Your Guide to an LLC Operating Agreement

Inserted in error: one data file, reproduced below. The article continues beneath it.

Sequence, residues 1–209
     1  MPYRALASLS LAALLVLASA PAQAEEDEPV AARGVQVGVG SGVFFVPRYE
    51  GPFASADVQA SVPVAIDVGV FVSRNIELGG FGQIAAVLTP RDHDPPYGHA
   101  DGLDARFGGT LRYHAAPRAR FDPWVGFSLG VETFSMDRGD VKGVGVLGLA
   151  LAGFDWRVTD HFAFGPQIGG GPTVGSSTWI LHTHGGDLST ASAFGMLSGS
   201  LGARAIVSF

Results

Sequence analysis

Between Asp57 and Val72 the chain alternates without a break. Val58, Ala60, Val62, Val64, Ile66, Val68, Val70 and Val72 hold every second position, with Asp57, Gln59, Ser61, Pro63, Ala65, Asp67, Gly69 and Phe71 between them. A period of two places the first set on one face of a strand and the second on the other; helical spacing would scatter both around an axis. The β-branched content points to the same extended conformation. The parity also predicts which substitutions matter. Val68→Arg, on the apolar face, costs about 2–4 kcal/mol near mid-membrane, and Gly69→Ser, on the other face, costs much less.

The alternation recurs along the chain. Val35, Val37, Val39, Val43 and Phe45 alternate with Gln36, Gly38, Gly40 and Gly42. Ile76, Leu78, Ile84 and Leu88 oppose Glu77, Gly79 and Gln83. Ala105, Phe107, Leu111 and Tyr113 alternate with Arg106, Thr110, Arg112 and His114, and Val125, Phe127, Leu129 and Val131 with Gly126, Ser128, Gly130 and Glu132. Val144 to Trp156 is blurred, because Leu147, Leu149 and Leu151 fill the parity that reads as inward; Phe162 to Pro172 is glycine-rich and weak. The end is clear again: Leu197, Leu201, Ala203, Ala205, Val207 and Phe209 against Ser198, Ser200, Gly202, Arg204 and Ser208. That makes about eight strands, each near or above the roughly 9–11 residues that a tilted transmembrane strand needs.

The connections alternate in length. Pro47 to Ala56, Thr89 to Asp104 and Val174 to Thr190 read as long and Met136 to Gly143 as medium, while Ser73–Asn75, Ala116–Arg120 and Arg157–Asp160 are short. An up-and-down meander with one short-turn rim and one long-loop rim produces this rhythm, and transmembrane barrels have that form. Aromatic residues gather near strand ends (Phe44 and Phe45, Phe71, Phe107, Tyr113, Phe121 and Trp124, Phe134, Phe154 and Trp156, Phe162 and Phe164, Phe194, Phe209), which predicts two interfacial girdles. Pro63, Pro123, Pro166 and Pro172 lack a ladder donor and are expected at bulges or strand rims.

Meta Description: If you're contemplating starting a business, you should know the differences in formation types. There are different corporate structures you can adopt to make your company legal in the eyes of the government. An LLC operating agreement is one part of the LLC formation requirements for adequately forming your business. Stock Image: 4771892 What Is an LLC? In business, certain formalities must be completed to form and sustain a legitimate and legal business adequately. These are called formations. There are many different types of formations that can occur. One example is an LLC. You've probably heard those letters after the names of some businesses. Do you know what an LLC is and why you would need one? An LLC is a limited liability company. It is considered the most straightforward way to formally organize and register your business. Its requirements aren't as strict as S corp or C corp formations, and its tax structure is far easier to comply with. It is a blend of a corporation and partnership structure. An LLC is member-owned and operated, and there could be as little as one member (single-member) or as many members as you want (multi-member). Other LLCs can also be members of your LLC. LLC members are owners and not employees. There are some instances where an owner can be considered an employee, and that is something set out in the LLC's operating agreement. Advantages of an LLC Some benefits of forming an LLC are: Asset protection: This type of formation keeps members' personal assets from being collected by business debtors. If your business fails, your own money can't be seized to pay off debts. This type of business structure offers the best personal asset protection. Why is that? Members have to buy into the LLC. That money, as well as the other money contributed by members, is what is used to pay for the running of the business. If the company suffers a massive loss, the membership fees may be lost if there isn't enough money in the account to pay the deficiency. A member can only lose up to its contribution. Hence the term, "limited liability." No corporate tax return: Just like individuals, the government requires most businesses to file a corporate tax return. Not so in an LLC. Since the company is composed of individual member shares and contributions, there is no need for the company to file a tax return as a whole. This is also known as pass-through taxes. No residency requirement: An LLC does not require the members to be residents of the United States or of the state where the company is formed. Some states offer different incentives to incorporate inside their borders. Prices for filing the company's initial incorporation or formation fee differ from state to state. Therefore, if you're looking for the best place to incorporate, do some homework and find which of the 50 states is has the best benefits for you. Credibility: Those who deal with your business understand that an LLC carries more credibility. Doing so means you have fulfilled specific requirementss such as membership interests, capital investments (initial and ongoing), as well as the LLC operating agreement which sets out the way in which the company is run. The entire process can open doors with other businesses. There are also some disadvantages to choosing this type of business structure versus corporations. Disadvantages of LLCs No stocks: An LLC cannot grow by issuing shares to members. Outside interests cannot be enticed to invest with the promise of stock. Costly: Because of the asset protection afforded by an LLC, these types of companies can be more costly to own and operate. Start-up costs can be more than other types of business models, and there are annual fees. Unemployment tax: An LLC is required to pay unemployment tax for each member. Since an LLC can have only one member, this is an increase in outgoing money. A sole proprietorship, an alternative to a single-member LLC, has no unemployment tax requirement. Banking requirements: As with every business, an LLC needs to be able to pay expenses. Doing so with a check is one of the easiest ways. However, a check written from an LLC account cannot be cashed; it must be deposited into a corporate account. Check your bank to see the fees charged depending on the type of account you have. Typically it costs more to have a business account. One of the most important things to remember about your company is you must keep your personal records completely separate. Don't deposit money meant for the LLC into your own account and vice versa. Mixing the two causes significant hassles in the long and with your taxes. Basic Terms of an LLC Operating Agreement Once you decide to form an LLC, there are a few steps required. One is drafting the LLC operating agreement. The operating agreement is a document that sets forth the details of the business. It is the framework for how the business will run. This document is filed with the secretary of state as part of the business formation process. Along with the company's articles of incorporation, the operating agreement is required to make the company formation legal. If the company does not exist on paper with a secretary of state, it does not exist. The following is what goes into a typical LLC operating agreement: The name of the LLC. While this seems like a simple task, it may turn out not to be. It should be meaningful to you and yet professional enough that you won't shrink every time you see it written on formal documents. Who is going to manage the LLC? This decision may be the first your company will have to make when drafting the operating agreement. There are two types of LLC managers: member and manager. A member-managed LLC gives every member an equal voice in the company. It requires all significant decisions to be made by board vote where, typically, majority rules. The procedure for this will be outlined in the board procedures section of the agreement. If the LLC is manager-managed, it means one person is designated as the manager and makes all major decisions. Since the two types are taxed in different ways, it's important to know which way you want the company to run. Members of the LLC are also owners and not employees. Of course, if the company only has one member, that member must also pay unemployment taxes (as stated above). If, though, there are multiple members of the company and they decide to hire someone to manage it, the operating agreement should give the procedure for this process. The initial contribution of each member. This section sets out the monetary investment. This correlates to how many shares the members own. Along with the parameters for initial contributions, the agreement also sets out any conditions relating to additional capital contributions. Division of losses and gains or profits. How will this division work? Many times the standard coincides with the capital contribution of each member. For example, if Bob contributes 65 percent of the money for the LLC, he should receive 65 percent of the profits. Likewise, if there is a loss, Bob takes a 65 percent hit. Letting new members join. You may leave the door open for more members. This section lays out the rules associated with doing so. How much is the capital contribution going to be beyond the initial formation? This section will set out the procedure for letting new members join the company. Procedures for terminating a member's interests. Members may leave. This section sets out the process for the exit and the subsequent transfer of the membership interests, if applicable. If a member chooses to leave the company, what is the process for that member's capital? Is the initial contribution all that's returned or does the member also receive profits? This process should be covered in depth in the agreement. Board meeting formats and procedures. This section states when meetings will occur (monthly, quarterly, annually, etc.), establishes the meeting format, and all necessary procedures. This framework should include who is managing and making decisions, how many people need to be at the meetings to meet the minimum required to make decisions (if it's a member-managed company), and the process for voting on matters. The operating agreement of your company is the framework by which it will be managed and run. The document can be amended as needed, and appropriate documents filed with the secretary of state with which the company was first formed. It is crucial for these documents to be prepared and submitted correctly. If they aren't, your company will not exist in the eyes of the government. Is an LLC a Good Choice for Your Business? In business, there are going to be some risks. Some businesses carry more risk than others. An LLC protects you personally against those risks as it shelters personal assets from being taken. Whether an LLC is the right business for you or not will be something you need to take up with an expert. Consult an attorney or certified public accountant to see which type of business formation is going to be the best fit for your business. While it is easy to think in terms of “now,” it is better to think in terms of tomorrow and beyond. Thus, if you find that it is best to go the LLC route, be sure you have all the documentation you need to do so. Being a business owner can be a challenging but rewarding prospect. Make sure your LLC operating agreement and other formation documents are correct so you can start your company off on the right foot.